Going into winter, we make sure our propane tanks are full, the camp stove is handy, and we have a good supply of charcoal for the Dutch ovens. I do my cooking out in the garage or on my covered front porch. Remember! Never operate your propane stove or use charcoal inside your home or anyplace that isn’t well ventilated as it can lead to carbon monoxide poisoning.

So, are you prepared for when Old Man Winter comes a calling? Just like if you get lost in the wilderness, your top three priorities are: shelter, and water and food.

Shelter is easy, you’re home, but make sure your camp clothing (polypropylene, fleece, and wool) are handy and layer up as temperatures inside your home start to dip. Remember to put on a warm hat. Sleeping bags can be pulled out and used to sleep warm.

Water and food are also easy, if you are prepared. You should have one gallon of water per day for each person in your household. That’s just for hydrating. Water used in cooking, cleaning, and bathing is extra. 55% of Americans have less than a 3-day supply of food in their homes. Is your pantry well-stocked? You should plan on eating 2,220 calories per day per person.

But don’t eat out of stress or boredom. Manage your supplies and be responsible and avoid eating just to pass the time.

So, what do you do to keep yourself and your children from going stir crazy without the television, DVD-player, and game console? How about pulling out your camping rainy day box of games? You do have one of those, right? Mine is stocked with traditional playing cards and poker chips as well as specialty card games like Uno, Skip-Bo, etc. How about chess, backgammon, cribbage? You can also head to the game closet and pull out Monopoly, Sorry or Life.

Just like camping, power outages can be beneficial in that they force us to unplug from all the electronics and reconnect to each other as a family. But the better prepared you are, the better you will be able to weather whatever nature throws at you.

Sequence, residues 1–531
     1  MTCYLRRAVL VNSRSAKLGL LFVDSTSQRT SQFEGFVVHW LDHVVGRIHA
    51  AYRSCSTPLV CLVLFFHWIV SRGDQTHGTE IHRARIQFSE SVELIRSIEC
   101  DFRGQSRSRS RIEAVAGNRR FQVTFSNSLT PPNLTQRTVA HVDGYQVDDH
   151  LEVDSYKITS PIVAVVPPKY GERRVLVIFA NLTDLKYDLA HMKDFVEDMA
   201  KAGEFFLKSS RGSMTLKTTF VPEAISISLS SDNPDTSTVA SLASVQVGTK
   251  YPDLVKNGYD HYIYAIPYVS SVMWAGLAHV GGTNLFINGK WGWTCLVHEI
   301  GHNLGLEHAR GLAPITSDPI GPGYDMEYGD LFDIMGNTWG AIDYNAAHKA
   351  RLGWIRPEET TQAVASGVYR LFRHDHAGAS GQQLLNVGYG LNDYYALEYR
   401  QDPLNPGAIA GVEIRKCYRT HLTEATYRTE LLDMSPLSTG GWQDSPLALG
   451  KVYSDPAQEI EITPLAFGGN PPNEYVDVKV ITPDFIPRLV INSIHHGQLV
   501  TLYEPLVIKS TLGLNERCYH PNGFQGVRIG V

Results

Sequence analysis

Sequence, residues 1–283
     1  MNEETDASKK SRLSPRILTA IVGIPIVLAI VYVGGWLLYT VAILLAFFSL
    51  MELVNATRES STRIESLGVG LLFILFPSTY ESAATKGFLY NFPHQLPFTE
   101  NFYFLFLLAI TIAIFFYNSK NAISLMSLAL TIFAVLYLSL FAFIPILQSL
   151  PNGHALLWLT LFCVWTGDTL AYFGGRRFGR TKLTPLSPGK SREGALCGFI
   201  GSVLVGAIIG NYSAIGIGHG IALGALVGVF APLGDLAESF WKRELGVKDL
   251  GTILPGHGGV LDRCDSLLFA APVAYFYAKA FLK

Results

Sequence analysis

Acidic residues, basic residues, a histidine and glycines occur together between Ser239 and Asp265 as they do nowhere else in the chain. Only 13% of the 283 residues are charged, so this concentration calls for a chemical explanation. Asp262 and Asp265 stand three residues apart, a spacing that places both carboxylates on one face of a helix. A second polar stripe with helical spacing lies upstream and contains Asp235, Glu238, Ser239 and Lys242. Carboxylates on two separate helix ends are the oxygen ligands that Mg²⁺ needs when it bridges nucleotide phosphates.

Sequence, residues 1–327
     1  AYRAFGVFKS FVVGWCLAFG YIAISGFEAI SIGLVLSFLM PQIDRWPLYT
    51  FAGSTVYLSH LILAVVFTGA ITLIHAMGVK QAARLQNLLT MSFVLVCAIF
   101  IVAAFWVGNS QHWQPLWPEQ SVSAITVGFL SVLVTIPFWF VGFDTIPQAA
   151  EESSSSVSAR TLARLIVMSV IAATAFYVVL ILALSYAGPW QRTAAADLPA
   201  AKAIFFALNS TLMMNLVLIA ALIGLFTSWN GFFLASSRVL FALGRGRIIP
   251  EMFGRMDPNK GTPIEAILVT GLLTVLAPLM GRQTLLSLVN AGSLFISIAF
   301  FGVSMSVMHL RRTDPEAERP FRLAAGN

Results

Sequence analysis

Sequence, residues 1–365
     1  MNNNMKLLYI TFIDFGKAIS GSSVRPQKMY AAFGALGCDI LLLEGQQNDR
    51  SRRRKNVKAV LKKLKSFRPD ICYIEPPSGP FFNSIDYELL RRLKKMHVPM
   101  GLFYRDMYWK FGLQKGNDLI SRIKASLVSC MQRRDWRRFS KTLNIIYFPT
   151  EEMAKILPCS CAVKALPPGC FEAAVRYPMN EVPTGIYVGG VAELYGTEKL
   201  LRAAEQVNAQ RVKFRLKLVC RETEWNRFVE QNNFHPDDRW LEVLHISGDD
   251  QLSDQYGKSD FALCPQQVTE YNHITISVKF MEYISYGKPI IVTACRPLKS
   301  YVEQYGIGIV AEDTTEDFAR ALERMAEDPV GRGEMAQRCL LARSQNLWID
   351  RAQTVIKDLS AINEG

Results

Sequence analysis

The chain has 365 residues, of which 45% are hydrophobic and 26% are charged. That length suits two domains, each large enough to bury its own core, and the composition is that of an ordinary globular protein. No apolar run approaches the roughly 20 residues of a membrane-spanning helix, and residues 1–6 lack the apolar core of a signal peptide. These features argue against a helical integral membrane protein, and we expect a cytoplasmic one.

Your camping skills and your outdoor cooking skills aren’t just for camping. They are good skills to have for survival.

Categories: Cooking Outdoors | Tags: , , , , , , , , , | 1 Comment

Do I Really Need Another Dutch Oven?!

Well, yes. Yes I do. Don’t you?!

santa_list_2014

Christmas is coming and I’m working on my Santa List. When crafting my annual letter to Santa, I always try to include something that will improve my camping and/or outdoor cooking experience. Because I camp nearly every other weekend three seasons a year, I want to be as comfortable as possible. I also spend a lot of time in my camp kitchen and I want to make sure it’s in the best shape possible for my budget.

This year, I’ve decided that I need a better way to transport my ovens. I usually just set them in the back of my SUV, but if I don’t wedge them in well, then sometimes they tip or the lids slide off and, well, it’s just not a good way to go.

Carry bags are a great way to store and transport your Dutch ovens. They are padded, keep the lid from separating from the bottom, and have a handy strap for carrying. Be sure to check the measurements of the bag against the measurements of your Dutch oven as they can differ slightly from brand to brand.

Also, my lanterns need to be replaced. I believe they are as old as my daughter and she’s a freshman in college this year! My lanterns are very rickety and sometimes they work and sometimes they don’t and if I’m working in my camp kitchen in the evening, I need to see what I’m doing.

I also want to add pie irons to my cast iron collection. I’ve worked with them on some camping trips with friends and they are so much fun. I want some of my own.

So what about you? Is any of your equipment old, worn out or broken, and need replacing? In addition to replacing worn out equipment, are there any upgrades or improvements you can make? Has there been anything new that came out in the last year that you saw and said, “Ooo! I need one of those!” Now’s the time to get it on “The List.”

Maybe you don’t need any anything big this year. How about a new cast iron cookbook? Lodge published a new cookbook earlier this year titled “Lodge Cast Iron Nation: Great American Cooking from Coast to Coast.” It looks promising and has some good reviews. I’ve got it my list.

So, assess your camp kitchen and determine what you need to get cooking better or cooking more in the outdoors? And, if you come across anything good, let me know so I can get it added to my list!

Categories: Cooking Outdoors | Tags: , , , , , , , , | 1 Comment